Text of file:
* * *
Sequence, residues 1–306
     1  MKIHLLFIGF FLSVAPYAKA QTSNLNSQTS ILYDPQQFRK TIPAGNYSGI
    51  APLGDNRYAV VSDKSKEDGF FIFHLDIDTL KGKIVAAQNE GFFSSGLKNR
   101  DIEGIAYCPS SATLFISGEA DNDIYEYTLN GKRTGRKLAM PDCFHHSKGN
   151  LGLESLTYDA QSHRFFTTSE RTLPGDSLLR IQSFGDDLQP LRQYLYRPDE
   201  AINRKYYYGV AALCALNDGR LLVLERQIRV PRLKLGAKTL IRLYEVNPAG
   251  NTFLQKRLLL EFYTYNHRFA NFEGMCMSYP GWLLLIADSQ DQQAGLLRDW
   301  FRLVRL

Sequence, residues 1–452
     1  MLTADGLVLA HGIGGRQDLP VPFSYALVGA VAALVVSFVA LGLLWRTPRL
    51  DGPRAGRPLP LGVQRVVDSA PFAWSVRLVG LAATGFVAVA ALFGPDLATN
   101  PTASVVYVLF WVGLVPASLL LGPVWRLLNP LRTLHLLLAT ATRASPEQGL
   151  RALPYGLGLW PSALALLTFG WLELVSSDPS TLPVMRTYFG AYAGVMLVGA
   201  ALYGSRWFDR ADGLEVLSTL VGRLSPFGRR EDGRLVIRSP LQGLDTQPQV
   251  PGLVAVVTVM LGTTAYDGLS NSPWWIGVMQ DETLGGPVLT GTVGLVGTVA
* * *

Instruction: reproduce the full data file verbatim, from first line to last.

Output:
Sequence, residues 1–306
     1  MKIHLLFIGF FLSVAPYAKA QTSNLNSQTS ILYDPQQFRK TIPAGNYSGI
    51  APLGDNRYAV VSDKSKEDGF FIFHLDIDTL KGKIVAAQNE GFFSSGLKNR
   101  DIEGIAYCPS SATLFISGEA DNDIYEYTLN GKRTGRKLAM PDCFHHSKGN
   151  LGLESLTYDA QSHRFFTTSE RTLPGDSLLR IQSFGDDLQP LRQYLYRPDE
   201  AINRKYYYGV AALCALNDGR LLVLERQIRV PRLKLGAKTL IRLYEVNPAG
   251  NTFLQKRLLL EFYTYNHRFA NFEGMCMSYP GWLLLIADSQ DQQAGLLRDW
   301  FRLVRL

Sequence, residues 1–452
     1  MLTADGLVLA HGIGGRQDLP VPFSYALVGA VAALVVSFVA LGLLWRTPRL
    51  DGPRAGRPLP LGVQRVVDSA PFAWSVRLVG LAATGFVAVA ALFGPDLATN
   101  PTASVVYVLF WVGLVPASLL LGPVWRLLNP LRTLHLLLAT ATRASPEQGL
   151  RALPYGLGLW PSALALLTFG WLELVSSDPS TLPVMRTYFG AYAGVMLVGA
   201  ALYGSRWFDR ADGLEVLSTL VGRLSPFGRR EDGRLVIRSP LQGLDTQPQV
   251  PGLVAVVTVM LGTTAYDGLS NSPWWIGVMQ DETLGGPVLT GTVGLVGTVA